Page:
NCCN Issues Guidance on Improving COVID-19 Safety for Patients and Health-Care Providers

Get Permission

The National Comprehensive Cancer Network’s® (NCCN®) Best Practices Committee has published a preprint article in JNCCN—Journal of the National Comprehensive Cancer Network detailing their recommendations for keeping patients with cancer, as well as their caregivers and health-care staff, as safe as possible during the pandemic.

Robert W. Carlson, MD

Robert W. Carlson, MD

“The unprecedented challenges we are all facing from the COVID-19 pandemic heighten NCCN’s commitment to sharing evidence-based consensus from leading medical experts as rapidly as possible, free of charge, to everyone around the world,” said Robert W. Carlson, MD, Chief Executive Officer of NCCN. “We are doing everything we can to review and share reliable information that will help keep oncology patients, providers, and staff safe under the new reality of increased risk.”

“We can continue to provide our patients with effective and compassionate care—without sacrificing the health and safety of our teams, colleagues, and families—by carefully evaluating any emerging research and modifying our treatment approaches accordingly,” said lead author of the article Pelin Cinar, MD, MS, of the University of California, San Francsico Helen Diller Family Comprehensive Cancer Center, in an NCCN press release.

“People with cancer and their loved ones already go through so much, and now they face new fears around catching COVID-19 or delaying necessary treatment. By sharing these recommendations, we want to reassure the oncology community that there are some aspects of care that we can and will control in order to improve outcomes for people with cancer,” she added.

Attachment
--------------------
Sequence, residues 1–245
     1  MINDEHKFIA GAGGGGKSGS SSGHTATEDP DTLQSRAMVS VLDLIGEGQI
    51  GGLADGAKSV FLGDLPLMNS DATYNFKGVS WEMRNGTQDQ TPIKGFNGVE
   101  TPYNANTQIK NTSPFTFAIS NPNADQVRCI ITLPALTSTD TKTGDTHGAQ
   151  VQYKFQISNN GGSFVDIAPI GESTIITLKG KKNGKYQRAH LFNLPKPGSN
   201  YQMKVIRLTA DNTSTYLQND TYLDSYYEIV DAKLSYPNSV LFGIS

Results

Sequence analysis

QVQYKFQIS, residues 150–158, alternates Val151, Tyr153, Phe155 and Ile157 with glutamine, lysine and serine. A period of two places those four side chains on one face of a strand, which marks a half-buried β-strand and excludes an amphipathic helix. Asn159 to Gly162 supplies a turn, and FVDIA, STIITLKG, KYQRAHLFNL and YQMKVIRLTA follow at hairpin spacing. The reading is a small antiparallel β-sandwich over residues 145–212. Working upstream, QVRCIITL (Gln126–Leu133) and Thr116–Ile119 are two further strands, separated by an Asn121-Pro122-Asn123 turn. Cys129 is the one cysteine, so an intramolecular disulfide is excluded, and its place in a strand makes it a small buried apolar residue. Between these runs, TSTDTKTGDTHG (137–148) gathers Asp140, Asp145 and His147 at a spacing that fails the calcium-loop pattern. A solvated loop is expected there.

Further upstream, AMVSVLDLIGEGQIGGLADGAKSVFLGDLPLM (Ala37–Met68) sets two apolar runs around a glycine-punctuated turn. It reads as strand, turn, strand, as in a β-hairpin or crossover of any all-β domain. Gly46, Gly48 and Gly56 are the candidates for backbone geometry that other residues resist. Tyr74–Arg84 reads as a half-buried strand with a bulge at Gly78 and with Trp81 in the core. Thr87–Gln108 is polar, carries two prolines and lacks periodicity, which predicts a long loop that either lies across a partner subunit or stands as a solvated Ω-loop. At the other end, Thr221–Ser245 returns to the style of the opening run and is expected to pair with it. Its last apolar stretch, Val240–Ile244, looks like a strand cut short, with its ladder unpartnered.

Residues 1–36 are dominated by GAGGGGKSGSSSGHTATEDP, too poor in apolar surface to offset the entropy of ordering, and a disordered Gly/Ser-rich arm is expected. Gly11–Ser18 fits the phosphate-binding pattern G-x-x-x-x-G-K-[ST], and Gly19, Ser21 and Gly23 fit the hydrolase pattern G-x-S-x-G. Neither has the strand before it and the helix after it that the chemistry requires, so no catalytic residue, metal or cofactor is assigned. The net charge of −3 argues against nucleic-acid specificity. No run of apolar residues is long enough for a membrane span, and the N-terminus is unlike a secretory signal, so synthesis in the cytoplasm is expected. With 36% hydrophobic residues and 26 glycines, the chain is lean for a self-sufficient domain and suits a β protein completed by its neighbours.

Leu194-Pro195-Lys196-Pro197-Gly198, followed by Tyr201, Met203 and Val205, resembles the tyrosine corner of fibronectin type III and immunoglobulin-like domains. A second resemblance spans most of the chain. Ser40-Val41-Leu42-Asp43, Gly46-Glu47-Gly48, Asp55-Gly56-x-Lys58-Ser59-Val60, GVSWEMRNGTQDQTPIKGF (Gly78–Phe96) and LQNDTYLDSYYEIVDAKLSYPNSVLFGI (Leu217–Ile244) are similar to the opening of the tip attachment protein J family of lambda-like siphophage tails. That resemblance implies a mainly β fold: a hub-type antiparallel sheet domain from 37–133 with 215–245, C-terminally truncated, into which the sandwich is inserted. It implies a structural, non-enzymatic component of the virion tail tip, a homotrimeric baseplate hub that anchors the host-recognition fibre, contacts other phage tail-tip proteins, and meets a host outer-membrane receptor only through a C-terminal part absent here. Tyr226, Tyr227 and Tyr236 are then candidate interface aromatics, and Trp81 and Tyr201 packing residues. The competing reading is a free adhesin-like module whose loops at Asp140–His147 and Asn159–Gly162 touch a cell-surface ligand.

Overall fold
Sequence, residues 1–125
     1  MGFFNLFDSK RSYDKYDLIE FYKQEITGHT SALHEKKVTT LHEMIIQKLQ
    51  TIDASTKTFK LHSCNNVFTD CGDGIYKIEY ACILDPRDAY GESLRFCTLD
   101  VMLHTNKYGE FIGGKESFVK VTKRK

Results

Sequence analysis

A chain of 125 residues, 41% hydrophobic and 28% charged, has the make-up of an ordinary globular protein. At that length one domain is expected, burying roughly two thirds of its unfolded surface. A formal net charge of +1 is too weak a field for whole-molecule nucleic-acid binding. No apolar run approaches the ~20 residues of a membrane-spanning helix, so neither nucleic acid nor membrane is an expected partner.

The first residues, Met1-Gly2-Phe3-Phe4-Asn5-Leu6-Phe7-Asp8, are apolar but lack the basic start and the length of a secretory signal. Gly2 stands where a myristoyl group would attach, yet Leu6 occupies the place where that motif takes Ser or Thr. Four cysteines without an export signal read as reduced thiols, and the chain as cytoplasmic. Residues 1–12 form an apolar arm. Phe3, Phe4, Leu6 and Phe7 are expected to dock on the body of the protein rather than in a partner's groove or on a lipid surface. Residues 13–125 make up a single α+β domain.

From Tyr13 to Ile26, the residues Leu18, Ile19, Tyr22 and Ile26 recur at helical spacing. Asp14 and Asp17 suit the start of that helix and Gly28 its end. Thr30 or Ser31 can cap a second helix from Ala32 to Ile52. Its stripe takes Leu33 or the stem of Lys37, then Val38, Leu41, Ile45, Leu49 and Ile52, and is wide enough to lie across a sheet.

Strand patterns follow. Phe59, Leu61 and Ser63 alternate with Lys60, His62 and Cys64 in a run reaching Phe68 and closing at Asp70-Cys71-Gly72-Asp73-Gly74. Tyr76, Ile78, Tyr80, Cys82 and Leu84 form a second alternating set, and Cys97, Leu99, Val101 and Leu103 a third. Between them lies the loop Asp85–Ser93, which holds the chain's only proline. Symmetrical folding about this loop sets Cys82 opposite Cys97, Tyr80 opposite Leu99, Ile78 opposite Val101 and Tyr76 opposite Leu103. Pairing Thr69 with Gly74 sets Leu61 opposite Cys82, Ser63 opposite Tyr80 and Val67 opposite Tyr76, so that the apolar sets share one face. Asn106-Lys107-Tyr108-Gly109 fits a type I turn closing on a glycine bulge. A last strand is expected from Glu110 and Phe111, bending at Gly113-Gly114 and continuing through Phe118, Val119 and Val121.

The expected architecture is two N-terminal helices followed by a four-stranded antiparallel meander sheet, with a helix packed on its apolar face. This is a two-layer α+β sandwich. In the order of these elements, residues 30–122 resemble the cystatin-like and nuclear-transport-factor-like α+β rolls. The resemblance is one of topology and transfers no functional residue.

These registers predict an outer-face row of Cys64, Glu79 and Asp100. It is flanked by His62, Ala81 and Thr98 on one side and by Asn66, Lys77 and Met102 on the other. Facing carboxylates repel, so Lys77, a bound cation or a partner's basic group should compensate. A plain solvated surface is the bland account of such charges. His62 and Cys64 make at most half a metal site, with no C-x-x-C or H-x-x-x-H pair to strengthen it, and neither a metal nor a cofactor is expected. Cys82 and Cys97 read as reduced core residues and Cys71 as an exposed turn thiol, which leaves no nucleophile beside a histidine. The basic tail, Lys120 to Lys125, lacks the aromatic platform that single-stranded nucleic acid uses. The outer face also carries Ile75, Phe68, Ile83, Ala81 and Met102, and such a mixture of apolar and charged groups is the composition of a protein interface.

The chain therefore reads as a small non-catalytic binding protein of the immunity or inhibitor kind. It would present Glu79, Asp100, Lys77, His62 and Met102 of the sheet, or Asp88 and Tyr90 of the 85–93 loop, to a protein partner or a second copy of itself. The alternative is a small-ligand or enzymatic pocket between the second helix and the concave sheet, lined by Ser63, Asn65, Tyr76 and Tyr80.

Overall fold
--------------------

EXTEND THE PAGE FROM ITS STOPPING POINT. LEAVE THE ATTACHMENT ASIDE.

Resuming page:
The NCCN Best Practices Committee recommendations can be summarized as follows:

Patient Safety

  • Prescreen and screen for COVID-19 symptoms and exposure history via telephone calls or digital platforms
  • Develop screening clinics to allow for patients with symptoms to be evaluated and tested in a dedicated unit with dedicated staff
  • Convert in-person visits to telemedicine visits when possible
  • Limited-visitor or no-visitor policy
  • Limit surgeries and procedures to only essential, urgent, or emergent cases
  • Consideration of alternative dosing schedule to allow for fewer in-person visits to the cancer center and/or the infusion center
  • Switch from infusional therapy to oral oncolytics (if equivalent formulation is available)
  • Transition outpatient care to at-home care whenever possible (eg, pump disconnection, administration of growth factors, hormone therapy)
  • Increase interval between scans or use biochemical markers in lieu of scans
  • Provide resources for wellness and stress management for patients.

Health-Care Provider Safety

  • Assure availability and use of appropriate personal protective equipment (PPE) per guidelines
  • Create a centralized resource or website to communicate recommendations to health-care workers about PPE and workflows
  • Implement daily screening tools and/or temperature checks
  • Telecommute when possible, with limited onsite staff participating in rotations on a daily basis
  • Establish clear stay-at-home and return-to-work guidelines
  • Provide resources for wellness and stress management for health-care workers.

The JNCCN article contains the most current information at the time of publication, but the authors noted that recommendations regarding public safety and practice may change rapidly.

Disclosure: For full disclosures of the study authors, visit

The content in this post has not been reviewed by the American Society of Clinical Oncology, Inc. (ASCO®) and does not necessarily reflect the ideas and opinions of ASCO®.